Skip to content
Learning that drives better investment decisions

VMC: WACC – Theory versus Reality

This post was originally published here.

Since debt is cheaper than equity, in theory, this would mean that a company would prefer to be fully funded by debt to minimize its cost of capital. However, it’s not the case in reality that a company has a capital structure that is 100% debt. In this post, our main focus is on the cost of debt, to learn more about the cost of equity read this post.

The weighted average cost of capital (WACC) calculation

WACC = (E/V * COE) + (D/V) * COD * (1 – T)


E = Market value of equity

V = Total market value of equity and debt

COE = Cost of equity

D = Market value of debt

COD = Cost of debt

T = Corporate tax rate

WACC is what the company pay investors and creditors

The average rate of return that a company pays to all investors in the company. It is commonly referred to as the firm’s cost of capital. Investors include creditors, owners and other providers of capital.

A company has two primary sources of capital; debt and equity. WACC is the average cost of raising money from these two sources. The WACC is calculated taking into account the relative weights and costs of each.

What is Cost of debt (COD)?

The total amount of interest that a firm pays on all its debt. What lenders demand in compensation for the risk exposure they take lending to a company.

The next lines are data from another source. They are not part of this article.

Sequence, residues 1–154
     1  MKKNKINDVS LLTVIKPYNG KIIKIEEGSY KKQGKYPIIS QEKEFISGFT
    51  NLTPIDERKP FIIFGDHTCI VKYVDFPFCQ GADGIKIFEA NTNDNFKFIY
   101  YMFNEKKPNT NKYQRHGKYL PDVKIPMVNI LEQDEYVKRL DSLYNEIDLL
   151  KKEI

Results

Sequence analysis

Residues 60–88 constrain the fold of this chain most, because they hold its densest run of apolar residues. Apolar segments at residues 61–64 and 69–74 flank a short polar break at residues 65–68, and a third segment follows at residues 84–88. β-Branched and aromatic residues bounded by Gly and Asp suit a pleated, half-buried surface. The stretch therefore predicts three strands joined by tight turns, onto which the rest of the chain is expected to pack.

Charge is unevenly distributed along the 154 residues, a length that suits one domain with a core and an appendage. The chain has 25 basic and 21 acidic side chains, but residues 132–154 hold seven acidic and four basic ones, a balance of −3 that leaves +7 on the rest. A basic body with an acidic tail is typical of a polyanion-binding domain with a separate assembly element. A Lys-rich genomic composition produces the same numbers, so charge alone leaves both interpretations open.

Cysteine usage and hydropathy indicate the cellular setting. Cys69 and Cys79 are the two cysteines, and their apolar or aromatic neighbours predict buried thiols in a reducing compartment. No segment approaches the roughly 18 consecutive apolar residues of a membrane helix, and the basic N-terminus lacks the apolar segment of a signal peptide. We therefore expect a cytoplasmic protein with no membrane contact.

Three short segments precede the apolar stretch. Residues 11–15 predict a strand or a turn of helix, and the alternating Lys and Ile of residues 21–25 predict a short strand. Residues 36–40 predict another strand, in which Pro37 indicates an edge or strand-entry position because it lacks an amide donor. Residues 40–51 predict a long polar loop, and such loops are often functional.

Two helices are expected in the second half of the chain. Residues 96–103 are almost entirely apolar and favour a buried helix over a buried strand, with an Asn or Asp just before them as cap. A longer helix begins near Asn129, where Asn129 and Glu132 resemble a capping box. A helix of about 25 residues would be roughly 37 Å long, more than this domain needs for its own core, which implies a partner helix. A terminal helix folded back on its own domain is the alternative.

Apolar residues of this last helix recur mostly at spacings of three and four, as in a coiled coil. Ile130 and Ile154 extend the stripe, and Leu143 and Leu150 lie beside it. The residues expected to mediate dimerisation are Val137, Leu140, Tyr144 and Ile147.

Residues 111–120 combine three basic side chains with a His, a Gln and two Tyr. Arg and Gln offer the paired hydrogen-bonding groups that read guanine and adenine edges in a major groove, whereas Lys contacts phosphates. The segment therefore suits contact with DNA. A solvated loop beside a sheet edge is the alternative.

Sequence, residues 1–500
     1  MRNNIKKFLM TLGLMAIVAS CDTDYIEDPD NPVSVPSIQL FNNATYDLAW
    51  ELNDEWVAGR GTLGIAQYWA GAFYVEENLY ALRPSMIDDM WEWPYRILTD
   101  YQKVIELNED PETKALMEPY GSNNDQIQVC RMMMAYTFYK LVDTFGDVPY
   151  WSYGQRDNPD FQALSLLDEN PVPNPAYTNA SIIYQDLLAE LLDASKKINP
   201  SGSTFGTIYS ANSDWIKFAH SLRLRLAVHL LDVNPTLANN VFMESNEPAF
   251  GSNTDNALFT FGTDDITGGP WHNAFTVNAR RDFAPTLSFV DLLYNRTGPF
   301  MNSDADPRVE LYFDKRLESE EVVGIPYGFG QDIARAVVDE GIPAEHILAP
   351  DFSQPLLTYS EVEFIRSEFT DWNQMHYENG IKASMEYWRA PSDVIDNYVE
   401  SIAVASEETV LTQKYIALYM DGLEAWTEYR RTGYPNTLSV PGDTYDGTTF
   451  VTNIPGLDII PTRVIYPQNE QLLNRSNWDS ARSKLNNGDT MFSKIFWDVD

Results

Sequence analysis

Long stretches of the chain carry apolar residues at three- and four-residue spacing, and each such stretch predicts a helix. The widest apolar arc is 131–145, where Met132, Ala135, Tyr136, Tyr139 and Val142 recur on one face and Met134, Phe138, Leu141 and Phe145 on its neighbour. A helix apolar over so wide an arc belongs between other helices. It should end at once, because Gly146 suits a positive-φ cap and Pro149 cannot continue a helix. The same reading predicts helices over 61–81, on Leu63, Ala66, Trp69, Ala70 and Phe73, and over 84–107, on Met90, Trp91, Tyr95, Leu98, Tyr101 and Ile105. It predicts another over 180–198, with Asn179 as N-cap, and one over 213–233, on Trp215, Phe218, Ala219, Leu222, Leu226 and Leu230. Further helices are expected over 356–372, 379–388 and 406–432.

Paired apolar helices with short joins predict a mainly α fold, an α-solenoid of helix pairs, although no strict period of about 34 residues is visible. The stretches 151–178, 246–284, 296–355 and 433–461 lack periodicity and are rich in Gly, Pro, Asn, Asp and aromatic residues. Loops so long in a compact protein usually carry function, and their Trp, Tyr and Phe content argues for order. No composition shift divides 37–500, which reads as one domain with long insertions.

Since dividends are considered after taxes and they are part of the COE, then in the WACC calculation, we adjust the interest, reducing it depending on the tax rate.

An optimal capital structure is the capital structure that lowers the WACC to its lowest. Usually when the company grows the debt grows as well.

Debt is always cheaper, the average range is 4-15%. Equity usually ranges from 8-20%.

It is very rare that a company can keep on financing itself like this forever with debt over 50% of capital structure.

As this means banks are putting their money into the company more than the equity owners themselves.

This can happen for a short period when the company is distressed but not over long periods.


DISCLAIMER: This content is for information purposes only. It is not intended to be investment advice. Readers should not consider statements made by the author(s) as formal recommendations and should consult their financial advisor before making any investment decisions. While the information provided is believed to be accurate, it may include errors or inaccuracies. The author(s) cannot be held liable for any actions taken as a result of reading this article.